After a week, there was a brownish liquid on top of the mixture. I stirred it in. It had the yeasty smell of bread dough. I added another cup of flour and a cup of water into it, stirred and replaced it. After another week, this morning, it had a clear brown liquid again and it was a bit bubbly.
This morning I took a cup of the culture and a cup each of flour and water and put it into a clean jar... I have a proper sourdough culture again and I had begun to know how people must have originally made leavened bread.
I stirred the rest of the culture and it was not as bubbly as I thought, so I added a bit of baking powder. (I had heard of people doing this in Newfondland, though I hadn't tried it way back then.) I made pancakes... and ate them with apricot jam. I forgot to take a photograph!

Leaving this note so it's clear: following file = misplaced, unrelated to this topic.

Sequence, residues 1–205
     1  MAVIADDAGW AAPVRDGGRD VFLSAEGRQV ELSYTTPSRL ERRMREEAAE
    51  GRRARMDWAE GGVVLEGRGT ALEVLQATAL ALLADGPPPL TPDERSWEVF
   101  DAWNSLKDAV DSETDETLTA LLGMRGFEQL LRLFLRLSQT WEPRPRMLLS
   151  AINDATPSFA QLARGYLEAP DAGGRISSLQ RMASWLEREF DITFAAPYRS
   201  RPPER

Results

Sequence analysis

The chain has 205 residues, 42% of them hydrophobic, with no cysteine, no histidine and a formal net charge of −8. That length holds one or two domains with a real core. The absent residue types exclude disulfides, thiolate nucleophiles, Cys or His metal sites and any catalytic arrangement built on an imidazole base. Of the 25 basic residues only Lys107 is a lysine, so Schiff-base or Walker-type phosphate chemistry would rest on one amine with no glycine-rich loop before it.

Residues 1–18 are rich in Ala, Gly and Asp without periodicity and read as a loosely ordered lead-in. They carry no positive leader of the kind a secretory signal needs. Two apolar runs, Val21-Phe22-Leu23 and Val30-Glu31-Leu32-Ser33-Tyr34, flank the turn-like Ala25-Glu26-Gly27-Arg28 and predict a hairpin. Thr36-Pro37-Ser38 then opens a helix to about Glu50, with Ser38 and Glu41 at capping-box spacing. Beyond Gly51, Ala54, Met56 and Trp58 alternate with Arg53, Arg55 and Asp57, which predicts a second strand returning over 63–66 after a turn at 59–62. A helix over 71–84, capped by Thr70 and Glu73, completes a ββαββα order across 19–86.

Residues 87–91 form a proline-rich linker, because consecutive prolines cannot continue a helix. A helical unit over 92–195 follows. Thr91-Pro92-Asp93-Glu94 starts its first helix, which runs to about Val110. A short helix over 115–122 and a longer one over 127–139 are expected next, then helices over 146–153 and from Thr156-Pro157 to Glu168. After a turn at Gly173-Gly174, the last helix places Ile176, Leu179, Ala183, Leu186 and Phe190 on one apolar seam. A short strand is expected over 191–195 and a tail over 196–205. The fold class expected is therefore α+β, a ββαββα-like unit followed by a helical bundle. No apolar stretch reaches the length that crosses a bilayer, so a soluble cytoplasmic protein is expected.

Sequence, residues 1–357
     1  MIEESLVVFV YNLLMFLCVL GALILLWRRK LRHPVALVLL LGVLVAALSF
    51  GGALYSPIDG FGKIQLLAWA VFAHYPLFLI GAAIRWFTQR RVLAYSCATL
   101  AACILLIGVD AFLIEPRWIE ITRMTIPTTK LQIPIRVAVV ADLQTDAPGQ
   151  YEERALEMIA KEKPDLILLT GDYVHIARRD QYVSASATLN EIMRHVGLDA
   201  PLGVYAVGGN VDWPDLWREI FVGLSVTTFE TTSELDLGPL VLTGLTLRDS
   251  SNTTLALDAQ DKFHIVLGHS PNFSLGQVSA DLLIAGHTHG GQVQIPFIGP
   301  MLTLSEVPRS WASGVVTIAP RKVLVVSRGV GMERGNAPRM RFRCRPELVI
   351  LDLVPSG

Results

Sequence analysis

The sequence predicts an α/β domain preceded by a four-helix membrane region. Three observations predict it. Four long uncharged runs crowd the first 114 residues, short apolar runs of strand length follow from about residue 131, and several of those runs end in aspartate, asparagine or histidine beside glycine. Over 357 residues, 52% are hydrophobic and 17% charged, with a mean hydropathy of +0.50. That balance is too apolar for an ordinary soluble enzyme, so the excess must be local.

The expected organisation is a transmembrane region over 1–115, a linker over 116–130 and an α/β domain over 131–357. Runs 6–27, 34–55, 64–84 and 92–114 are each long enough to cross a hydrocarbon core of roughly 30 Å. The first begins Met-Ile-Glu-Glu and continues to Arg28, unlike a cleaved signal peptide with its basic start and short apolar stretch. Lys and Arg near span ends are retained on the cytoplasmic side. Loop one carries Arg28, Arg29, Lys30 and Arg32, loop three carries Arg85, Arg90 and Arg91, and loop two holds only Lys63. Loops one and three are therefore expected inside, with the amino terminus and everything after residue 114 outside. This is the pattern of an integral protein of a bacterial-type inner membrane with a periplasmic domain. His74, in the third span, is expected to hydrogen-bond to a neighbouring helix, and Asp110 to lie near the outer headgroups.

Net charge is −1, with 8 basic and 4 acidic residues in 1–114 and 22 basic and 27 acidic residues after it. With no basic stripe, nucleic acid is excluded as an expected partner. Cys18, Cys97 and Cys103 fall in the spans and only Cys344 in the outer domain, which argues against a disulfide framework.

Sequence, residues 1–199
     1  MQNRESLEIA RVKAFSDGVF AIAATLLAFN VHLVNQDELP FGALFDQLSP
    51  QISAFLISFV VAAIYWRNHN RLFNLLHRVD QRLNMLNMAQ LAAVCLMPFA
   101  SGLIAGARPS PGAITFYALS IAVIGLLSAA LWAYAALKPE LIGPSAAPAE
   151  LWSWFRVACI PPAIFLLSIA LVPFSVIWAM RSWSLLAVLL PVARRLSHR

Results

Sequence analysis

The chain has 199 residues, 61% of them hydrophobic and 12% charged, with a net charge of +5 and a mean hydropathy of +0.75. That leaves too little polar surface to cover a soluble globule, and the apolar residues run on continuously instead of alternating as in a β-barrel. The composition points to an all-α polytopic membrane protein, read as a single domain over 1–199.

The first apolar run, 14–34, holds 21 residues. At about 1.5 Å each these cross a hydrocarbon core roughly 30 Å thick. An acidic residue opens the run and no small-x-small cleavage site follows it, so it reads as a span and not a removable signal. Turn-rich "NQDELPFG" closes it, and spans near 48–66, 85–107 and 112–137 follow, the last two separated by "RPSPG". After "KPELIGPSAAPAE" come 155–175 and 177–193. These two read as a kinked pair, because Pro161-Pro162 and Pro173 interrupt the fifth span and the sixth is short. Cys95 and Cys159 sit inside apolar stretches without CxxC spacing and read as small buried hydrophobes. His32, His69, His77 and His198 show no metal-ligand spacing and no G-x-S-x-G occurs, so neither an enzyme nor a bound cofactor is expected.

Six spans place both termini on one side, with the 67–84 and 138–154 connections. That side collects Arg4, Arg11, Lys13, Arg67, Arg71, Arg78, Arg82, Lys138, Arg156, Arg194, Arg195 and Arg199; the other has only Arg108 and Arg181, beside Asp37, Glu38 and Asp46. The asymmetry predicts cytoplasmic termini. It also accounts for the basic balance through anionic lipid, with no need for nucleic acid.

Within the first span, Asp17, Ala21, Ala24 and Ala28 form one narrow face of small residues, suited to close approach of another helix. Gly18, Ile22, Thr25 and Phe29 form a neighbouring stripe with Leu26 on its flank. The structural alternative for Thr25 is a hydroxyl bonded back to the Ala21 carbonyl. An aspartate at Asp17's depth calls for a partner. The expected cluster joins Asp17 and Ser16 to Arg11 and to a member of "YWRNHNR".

There is still some floury mixture left. I have added some egg, and it will make something like scones later today... to eat with soup for tea tonight.
(picture to be added)

Sourdough bread is a special taste. Some people prefer it to "normal" bread and it is a delicacy in some places. The special taste is caused by the breakdown on some of the complex carbohydrates (larger molecules) from the grain, making the product slightly more acid and with other smaller and more aromatic compounds, including alcohol. The yeast (I caught mine from the air and the flour) breaks down the carbohydrates producing the special smell and taste, but also making them easier to digest... using less digestive effort (agni.)
Another kind of yeast that many people are familiar with are those that break down the sugar in grapes, making that easier to digest also, as the alcohol in wine.